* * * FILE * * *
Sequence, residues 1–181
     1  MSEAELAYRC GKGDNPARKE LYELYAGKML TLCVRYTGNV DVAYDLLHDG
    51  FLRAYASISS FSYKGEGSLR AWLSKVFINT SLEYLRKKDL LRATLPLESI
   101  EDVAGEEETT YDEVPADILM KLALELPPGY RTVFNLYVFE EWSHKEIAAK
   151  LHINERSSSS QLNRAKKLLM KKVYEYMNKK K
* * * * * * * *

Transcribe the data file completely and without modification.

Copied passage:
Sequence, residues 1–181
     1  MSEAELAYRC GKGDNPARKE LYELYAGKML TLCVRYTGNV DVAYDLLHDG
    51  FLRAYASISS FSYKGEGSLR AWLSKVFINT SLEYLRKKDL LRATLPLESI
   101  EDVAGEEETT YDEVPADILM KLALELPPGY RTVFNLYVFE EWSHKEIAAK
   151  LHINERSSSS QLNRAKKLLM KKVYEYMNKK K